This sonata could be interpreted as Beethoven beginning to come to terms with his impending eventual deafness. The mourning and loss of the Adagio Sostenuto with its modal changes, dissonances, rhythms and chants representative of Trauermusik followed by the rage of the stormy third movement, were his way of expressing how he felt about this affliction of deafness while writing the most extraordinary music and not being able to hear it.

Beethoven would live most of his life in a great deal of loneliness and despair with most of his life devoted to the development of his art and creativity. As this sonata was written towards the beginning of his second stylistic period many masterpieces would follow the ‘Sonata Quasi Una Fantasia’.

Jamila Sahar
[1] Timothy Jones, BEETHOVEN The “Moonlight” and other Sonatas, Op 27 and Op 31, p. 15

11 thoughts on “The History of the ‘Moonlight’ Sonata

  1. I do believe all the ideas you have introduced for your
    post. They’re very convincing and will definitely work. Nonetheless, the posts are very brief for starters. Could you please lengthen them a bit from next time? Thank you for the post.

    • Many thanks for your commentary. I originally began writing these short blogs for my students to read and learn about various composers and some of their works. Thanks for your interest, I will enjoy writing more detailed articles in the future.

  2. Finally, someone who share the same thoughts. I have never been able to to accept the idea that “Moonlight sonata” was written for the blind girl or for the girl he loved (Giulietta Guicciardi). I am not musician but I definitely have an ear for music. The melody sounds rather as despair, pain and great suffering than love drama. I think that “love” as a reason for creating this masterpiece could be approved only if it’s meant as a “love for music”. Losing that kind of love because of the hearing loss is definitely more painful than unrequited love. Everyone who read Beethoven’s letters will understand his music even better.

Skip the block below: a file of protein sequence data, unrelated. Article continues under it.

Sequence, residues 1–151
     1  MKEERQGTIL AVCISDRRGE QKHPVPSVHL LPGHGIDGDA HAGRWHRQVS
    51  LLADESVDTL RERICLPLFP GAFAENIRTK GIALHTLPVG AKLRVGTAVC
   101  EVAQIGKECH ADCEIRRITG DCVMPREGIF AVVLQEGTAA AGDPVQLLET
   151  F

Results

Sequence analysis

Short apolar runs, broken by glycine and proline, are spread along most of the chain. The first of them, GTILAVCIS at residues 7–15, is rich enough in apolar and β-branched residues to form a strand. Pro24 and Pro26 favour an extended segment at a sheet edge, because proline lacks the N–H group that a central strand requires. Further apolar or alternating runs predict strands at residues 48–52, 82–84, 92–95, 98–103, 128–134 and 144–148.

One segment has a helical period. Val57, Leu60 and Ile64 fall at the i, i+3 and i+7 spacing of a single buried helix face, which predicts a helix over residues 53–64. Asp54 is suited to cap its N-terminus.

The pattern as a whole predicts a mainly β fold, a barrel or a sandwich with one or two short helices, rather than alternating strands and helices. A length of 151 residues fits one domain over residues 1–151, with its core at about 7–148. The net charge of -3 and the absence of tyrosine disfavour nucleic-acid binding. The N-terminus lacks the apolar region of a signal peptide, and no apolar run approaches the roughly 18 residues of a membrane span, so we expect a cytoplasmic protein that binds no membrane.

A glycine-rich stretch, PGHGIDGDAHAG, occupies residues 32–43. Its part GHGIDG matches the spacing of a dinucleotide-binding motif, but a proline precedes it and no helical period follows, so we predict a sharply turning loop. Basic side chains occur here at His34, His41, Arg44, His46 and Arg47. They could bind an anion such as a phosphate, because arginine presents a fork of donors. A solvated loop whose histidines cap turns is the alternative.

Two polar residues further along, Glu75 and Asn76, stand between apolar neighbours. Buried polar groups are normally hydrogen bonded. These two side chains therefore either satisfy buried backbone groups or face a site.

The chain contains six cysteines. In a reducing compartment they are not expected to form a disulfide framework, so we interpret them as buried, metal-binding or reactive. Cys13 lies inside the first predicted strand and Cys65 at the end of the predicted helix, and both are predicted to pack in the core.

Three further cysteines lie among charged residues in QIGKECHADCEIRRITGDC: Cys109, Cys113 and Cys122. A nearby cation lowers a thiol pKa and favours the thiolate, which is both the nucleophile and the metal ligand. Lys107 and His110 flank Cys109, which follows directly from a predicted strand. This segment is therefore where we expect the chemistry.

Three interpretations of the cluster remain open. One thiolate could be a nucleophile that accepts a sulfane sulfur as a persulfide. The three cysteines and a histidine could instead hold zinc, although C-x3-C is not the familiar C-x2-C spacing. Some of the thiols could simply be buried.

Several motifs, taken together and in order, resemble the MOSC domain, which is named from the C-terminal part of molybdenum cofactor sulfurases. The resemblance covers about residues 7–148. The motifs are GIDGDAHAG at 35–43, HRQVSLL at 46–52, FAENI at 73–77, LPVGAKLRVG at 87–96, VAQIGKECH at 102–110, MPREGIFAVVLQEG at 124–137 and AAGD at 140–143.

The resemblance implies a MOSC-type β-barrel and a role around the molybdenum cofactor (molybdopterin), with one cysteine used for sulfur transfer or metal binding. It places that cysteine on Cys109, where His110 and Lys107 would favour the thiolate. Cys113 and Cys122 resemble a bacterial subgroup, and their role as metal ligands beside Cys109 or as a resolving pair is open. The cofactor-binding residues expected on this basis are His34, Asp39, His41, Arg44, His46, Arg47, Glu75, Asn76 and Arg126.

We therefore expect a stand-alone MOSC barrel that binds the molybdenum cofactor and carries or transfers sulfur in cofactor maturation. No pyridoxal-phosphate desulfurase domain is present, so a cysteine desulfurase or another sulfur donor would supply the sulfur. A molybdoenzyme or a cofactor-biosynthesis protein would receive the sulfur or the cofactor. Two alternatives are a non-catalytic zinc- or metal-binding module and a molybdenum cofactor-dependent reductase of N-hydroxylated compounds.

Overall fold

A letter to his friend: “Your Beethoven is very unhappy. You must know that the best part of me, my hearing, has became very weak…How sad is my life…I’m deaf. Had my profession been any other, things might still be bearable: but if it is, my situation is terrible…”

    Another one: “How humiliated I have felt if somebody standing beside me heard the sound of a flute in the distance and I heard nothing… If not for my music, little more of this and I would have ended my life… I have been stranger to the trill of joy for so long. When, O God, when shall I feel joy once more?” But his powerful nature could not give up under the weight of his suffering: “My physical beneath improves always with the growth of my intellectual force… Yes, I can fell that my youth is only just beginning… O, if I were only free from my deafness I would embrace the world!… No rest! At least, none that I know of except sleep;… I will wage war against destiny.”

  3. Beethoven is such an inspiration. I like the idea that his hearing loss spawned one of his most well know works, I couldn’t imagine what he went through.

  4. one of my earliest memories is the first movement,after hearing the second and third ,i felt that there was a story behind something so powerful. Thanks for telling it.

    • Many thanks for reading. I agree, for sure this Sonata is telling a story as well as many powerful human emotions of mourning and grief in the first movement which gives way peacefulness and acceptance in the second and rage in the finale. What a masterpiece this work is.
      Many thanks for your insightful commentary.